How to prevent Lifestyle disorders?
The good news is that Lifestyle diseases can be prevented by small but persistent changes in lifestyle. For prevention of life style diseases, people need to change their habits in the direction of healthier living. You can do a lot to prevent the occurrence of lifestyle diseases.
TEN healthy tips are:-
i) Take up regular exercise like walking, yoga, dancing, aerobics or cycling one hour a day.
ii) Use stair-case instead of lift or escalator as far as you can.
iii) Take a balanced diet at proper meal times. Do not over-eat.
iv) Avoid processed and packaged foods that are rich in sugar, fats, salt and calories and low in fiber, good quality protein, minerals (iron and calcium) and vitamins.
v) Eat whole grains like cereals (wheat, whole wheat flour), millets (jowar, bajra) and avoid refined foods like maida.
vi) Eat 400 – 500 gms of seasonal fruits and vegetables in a day.
vii) Drink plenty of water.
viii) Practice yoga or meditation to avoid stress in life.
ix) Keep away from Smoking, Tobaccco and drinking alcohol.
x) Spend less time in sitting and watching television and pursue outdoor games and activities like gardening, playing a sport like football, cricket and badminton.
You can educate people around you regarding healthy lifestyle practices. It is possible to keep these diseases under control, if you make sensible alteration in your lifestyle.
What can we learn from Ayurveda for a healthy and balanced lifestyle?
Basically, a particular lifestyle of person is a cumulative product of his/her physical capacity co-ordinated with psychological functioning, displayed in the form of habits, behaviour, dietary and living pattern based on his own training sought from childhood, and mimicries he gained from his immediate companions including parents, siblings, peers, etc. Thus, it involves a pure psychological and innate control over the physical and sensory activities. When this initiation, control, and co-ordination are disturbed, it leads to the derangement of lifestyle and results in any lifestyle disorder. Ayurveda narrated this phenomenon as ‘Prajnaparadha’ (intellectual blasphemy). In the management of lifestyle diseases, Ayurveda offers various regimens including Dinacharya (daily regimen), Ritucharya (seasonal regimen), Panchakarma (five detoxification and bio-purification therapies), and Rasayana (rejuvenation) therapies. The Sadvritta (ideal routines) and Aachara Rasayana (code of conduct) are utmost important to maintain a healthy and happy psychological perspective. The inclusive utilization of all these treatment modalities has a great effect on lifestyle disorders.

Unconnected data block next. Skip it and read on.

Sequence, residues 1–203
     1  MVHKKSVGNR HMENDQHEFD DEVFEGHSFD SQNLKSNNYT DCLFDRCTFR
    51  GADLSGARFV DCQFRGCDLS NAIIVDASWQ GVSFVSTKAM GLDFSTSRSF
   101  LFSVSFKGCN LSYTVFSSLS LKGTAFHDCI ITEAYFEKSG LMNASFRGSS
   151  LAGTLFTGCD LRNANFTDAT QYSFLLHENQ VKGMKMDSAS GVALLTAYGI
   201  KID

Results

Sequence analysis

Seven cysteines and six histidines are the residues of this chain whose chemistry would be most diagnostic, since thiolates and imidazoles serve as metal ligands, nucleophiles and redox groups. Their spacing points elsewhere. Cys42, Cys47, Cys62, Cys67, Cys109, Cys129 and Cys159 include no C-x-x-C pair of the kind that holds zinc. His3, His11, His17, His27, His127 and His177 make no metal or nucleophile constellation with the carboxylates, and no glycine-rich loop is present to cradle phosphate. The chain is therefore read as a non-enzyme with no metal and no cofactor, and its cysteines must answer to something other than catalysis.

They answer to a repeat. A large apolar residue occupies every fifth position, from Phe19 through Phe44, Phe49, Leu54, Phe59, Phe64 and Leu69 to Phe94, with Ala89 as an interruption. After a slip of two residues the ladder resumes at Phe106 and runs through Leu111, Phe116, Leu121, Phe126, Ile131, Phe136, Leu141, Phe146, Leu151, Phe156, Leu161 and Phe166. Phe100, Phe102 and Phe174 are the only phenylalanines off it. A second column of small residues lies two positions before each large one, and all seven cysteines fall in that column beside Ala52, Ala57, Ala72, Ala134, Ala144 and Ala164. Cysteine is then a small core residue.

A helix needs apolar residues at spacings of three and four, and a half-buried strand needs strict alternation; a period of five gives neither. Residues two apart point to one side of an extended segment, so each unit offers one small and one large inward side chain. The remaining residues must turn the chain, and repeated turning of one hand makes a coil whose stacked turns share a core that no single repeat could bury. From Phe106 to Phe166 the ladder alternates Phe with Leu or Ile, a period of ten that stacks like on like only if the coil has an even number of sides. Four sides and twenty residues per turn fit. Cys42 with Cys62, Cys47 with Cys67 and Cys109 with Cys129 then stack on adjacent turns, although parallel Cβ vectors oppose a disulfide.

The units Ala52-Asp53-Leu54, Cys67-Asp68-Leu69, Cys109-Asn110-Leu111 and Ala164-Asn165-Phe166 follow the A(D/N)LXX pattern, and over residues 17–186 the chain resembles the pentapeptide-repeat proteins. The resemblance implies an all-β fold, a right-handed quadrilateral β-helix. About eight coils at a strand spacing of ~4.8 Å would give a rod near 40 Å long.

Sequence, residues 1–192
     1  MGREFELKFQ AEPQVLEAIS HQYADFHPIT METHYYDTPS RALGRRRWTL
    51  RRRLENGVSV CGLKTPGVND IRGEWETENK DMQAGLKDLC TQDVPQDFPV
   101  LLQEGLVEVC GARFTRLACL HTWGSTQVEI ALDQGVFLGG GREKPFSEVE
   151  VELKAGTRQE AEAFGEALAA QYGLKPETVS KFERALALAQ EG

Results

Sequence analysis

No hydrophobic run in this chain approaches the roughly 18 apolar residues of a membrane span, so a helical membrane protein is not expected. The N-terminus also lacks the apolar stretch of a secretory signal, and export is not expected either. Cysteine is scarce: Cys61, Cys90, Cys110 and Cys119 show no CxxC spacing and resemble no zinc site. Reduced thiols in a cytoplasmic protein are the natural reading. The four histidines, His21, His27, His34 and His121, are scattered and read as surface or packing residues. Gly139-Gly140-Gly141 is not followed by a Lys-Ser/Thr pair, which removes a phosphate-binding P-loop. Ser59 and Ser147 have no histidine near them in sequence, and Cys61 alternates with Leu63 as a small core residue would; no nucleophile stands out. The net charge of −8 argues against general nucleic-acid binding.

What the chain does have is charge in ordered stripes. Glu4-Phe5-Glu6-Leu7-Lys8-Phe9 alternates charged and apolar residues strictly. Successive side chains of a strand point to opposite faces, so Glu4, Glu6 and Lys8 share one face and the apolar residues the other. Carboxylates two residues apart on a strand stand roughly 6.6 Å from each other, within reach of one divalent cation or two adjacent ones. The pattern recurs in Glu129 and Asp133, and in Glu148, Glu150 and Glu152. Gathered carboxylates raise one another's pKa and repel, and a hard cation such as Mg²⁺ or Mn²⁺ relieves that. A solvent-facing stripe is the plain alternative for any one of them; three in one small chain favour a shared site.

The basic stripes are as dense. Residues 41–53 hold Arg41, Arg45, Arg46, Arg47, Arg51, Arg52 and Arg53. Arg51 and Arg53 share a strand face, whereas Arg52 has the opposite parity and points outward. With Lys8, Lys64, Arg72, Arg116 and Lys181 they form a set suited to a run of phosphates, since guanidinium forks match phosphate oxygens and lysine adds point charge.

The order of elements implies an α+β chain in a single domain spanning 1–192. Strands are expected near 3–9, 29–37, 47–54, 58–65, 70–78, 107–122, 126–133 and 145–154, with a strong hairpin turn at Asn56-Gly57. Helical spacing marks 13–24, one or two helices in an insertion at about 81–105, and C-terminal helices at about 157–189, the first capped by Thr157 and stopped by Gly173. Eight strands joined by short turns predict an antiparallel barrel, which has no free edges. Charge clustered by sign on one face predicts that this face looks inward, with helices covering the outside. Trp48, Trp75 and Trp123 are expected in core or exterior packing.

What is the future prediction for Lifestyle disorders?
A report on non-communicable diseases released by the World Health Organization (WHO) recently, paints a grim picture of India. The risk of dying from a non-communicable disease (NCD) for persons aged between 30 and 70 years in India is as high as 26 per cent, according to a report released by WHO recently. What’s more, Indian males are more prone to dying of these diseases than women. The number of people suffering from the four main NCDs—heart diseases, all types of cancers, respiratory diseases and diabetes is also high. This challenges the notion that NCDs primarily occur among older adults.